The BBC is anything but impartial on social issues
In a letter to The Guardian last week, a reader asked if there was 'room in the Guardian world' for people with traditional views on social issues such as marriage, abortion, and euthanasia.
The letter writer went on: “We are used to seeing articles attacking and even mocking traditional views, but never any that question, let alone criticise, liberal views.”
It was an accusation that could just as well have been levelled at the taxpayer-funded BBC.
Despite its claim to be “impartial”, most observers recognise that on the big social issues – marriage, abortion, euthanasia, transsexualism and so on – the BBC is anything but.
This is perhaps not surprising for an organisation that one of its own, Michael Buerk – who presented both the Nine O’Clock News and the BBC’s News at Ten – said had made The Guardian its “bible” and political correctness its “creed”.
Buerk is not alone.
Another of its current big-hitters, Andrew Marr, said his employer is “not impartial or neutral”.
And only a couple of months ago Radio 4’s Roger Bolton called it “liberal”, “secular” and “dangerously out of touch” with religious people.
But as time goes by it becomes more brazen.
Just last month, on Radio 4’s Today programme, its flagship current affairs show, presenter John Humphrys openly scoffed at the very idea that pro-life, pro-marriage views could be considered “compassionate”.
And within the last week, BBC News online ditched what little was left of its impartiality obligations in its celebratory and one-sided reporting of the vote on same-sex marriage in Germany, where Angela Merkel voted against it but was outnumbered.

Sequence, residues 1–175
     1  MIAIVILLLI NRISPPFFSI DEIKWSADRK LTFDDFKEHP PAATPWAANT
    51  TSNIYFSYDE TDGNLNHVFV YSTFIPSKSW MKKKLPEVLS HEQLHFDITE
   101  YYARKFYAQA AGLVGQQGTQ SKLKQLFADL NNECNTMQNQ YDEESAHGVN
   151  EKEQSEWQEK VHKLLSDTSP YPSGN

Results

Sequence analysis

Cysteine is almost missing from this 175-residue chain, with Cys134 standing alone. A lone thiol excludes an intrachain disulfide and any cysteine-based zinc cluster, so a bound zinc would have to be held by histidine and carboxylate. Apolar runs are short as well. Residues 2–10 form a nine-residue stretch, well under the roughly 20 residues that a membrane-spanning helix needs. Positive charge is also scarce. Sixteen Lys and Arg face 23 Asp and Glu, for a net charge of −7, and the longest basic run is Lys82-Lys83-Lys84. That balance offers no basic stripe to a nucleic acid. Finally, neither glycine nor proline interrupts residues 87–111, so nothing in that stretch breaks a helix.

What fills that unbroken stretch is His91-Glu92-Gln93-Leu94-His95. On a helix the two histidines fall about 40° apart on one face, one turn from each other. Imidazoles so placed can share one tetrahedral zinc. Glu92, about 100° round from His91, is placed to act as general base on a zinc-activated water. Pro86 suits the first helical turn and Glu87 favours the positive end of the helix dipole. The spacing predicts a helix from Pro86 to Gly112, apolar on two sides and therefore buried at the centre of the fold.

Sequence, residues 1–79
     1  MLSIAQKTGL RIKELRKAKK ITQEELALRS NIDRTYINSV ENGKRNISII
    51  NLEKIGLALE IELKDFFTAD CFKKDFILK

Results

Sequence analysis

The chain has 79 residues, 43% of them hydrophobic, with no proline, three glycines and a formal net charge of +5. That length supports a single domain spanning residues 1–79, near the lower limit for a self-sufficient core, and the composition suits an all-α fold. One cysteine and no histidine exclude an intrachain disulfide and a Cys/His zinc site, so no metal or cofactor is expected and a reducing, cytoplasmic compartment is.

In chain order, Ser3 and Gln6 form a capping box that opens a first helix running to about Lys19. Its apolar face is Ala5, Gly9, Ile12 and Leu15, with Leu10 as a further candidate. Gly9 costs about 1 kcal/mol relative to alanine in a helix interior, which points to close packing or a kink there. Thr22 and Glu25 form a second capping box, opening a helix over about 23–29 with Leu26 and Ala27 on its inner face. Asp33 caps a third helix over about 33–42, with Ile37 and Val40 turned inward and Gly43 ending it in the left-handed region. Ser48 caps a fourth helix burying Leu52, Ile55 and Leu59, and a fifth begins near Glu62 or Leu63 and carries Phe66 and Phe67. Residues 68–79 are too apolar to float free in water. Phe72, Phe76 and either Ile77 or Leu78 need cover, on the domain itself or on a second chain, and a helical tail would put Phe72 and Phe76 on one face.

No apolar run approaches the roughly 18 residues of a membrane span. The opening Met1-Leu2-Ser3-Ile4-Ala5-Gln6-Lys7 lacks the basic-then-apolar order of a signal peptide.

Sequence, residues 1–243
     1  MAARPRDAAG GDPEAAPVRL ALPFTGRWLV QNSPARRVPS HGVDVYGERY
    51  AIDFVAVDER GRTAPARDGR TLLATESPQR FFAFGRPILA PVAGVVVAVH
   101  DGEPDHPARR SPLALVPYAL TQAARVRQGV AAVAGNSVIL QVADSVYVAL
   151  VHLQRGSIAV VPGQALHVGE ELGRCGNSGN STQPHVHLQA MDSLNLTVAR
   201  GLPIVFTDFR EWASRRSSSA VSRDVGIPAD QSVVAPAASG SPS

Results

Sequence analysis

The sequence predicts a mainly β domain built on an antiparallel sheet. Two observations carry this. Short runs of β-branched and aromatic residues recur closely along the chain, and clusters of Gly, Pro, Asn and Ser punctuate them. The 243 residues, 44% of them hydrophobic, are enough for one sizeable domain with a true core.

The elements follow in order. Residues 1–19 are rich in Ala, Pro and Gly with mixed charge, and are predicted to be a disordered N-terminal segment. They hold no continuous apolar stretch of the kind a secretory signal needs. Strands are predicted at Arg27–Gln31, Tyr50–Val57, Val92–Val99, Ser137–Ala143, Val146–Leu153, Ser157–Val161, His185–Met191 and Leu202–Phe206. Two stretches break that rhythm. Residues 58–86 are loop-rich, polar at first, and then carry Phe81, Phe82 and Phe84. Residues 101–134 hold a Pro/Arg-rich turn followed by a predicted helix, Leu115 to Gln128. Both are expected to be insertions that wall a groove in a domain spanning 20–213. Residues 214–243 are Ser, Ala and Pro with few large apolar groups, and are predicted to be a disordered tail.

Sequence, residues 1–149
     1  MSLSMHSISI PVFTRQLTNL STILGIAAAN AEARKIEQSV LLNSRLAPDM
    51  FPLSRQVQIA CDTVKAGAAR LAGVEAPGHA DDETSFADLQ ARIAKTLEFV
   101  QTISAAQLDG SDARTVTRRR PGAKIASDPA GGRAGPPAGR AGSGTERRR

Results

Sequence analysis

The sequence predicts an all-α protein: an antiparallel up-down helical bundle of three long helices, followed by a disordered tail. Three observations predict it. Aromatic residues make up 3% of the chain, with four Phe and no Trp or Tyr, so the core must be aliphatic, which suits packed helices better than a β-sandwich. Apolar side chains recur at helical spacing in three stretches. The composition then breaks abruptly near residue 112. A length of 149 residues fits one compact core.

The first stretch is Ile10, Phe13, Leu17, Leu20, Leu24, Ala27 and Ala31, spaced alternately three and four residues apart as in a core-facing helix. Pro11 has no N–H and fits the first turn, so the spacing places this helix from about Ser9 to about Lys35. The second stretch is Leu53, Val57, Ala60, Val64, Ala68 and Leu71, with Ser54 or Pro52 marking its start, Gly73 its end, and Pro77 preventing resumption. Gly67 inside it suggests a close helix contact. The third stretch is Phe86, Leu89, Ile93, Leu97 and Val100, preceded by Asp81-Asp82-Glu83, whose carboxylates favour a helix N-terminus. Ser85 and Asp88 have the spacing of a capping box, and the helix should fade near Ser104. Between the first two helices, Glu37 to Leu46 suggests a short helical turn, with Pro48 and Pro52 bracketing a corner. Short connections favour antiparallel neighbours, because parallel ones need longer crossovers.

The same bias was on display in its reporting of the gay marriage march in Belfast.
The BBC wrote of “marriage equality” without quotation marks, while the term “traditional” marriage was used with quotes. ‘Marriage equality’ is a campaign phrase invented by gay marriage activists within the last few years.
The BBC used it without hesitation. But, keen to show its disdain for the contrary view, it was traditional marriage – the kind which has existed in most countries for most of history, and is still upheld by millions of Brits – that got the inverted commas treatment.
The overwhelming majority of people get their news from television (69 per cent) and the overwhelming majority of this is from the BBC (75 per cent).
No other news provider can touch the BBC for power and influence.
The BBC must be held to account.
It must be required to live up to its claim of impartiality.
We all need to make sure there is still room in the BBC world for “traditional” views.
Without the inverted commas.
• Simon Calvert is deputy director of public affairs at the Christian Institute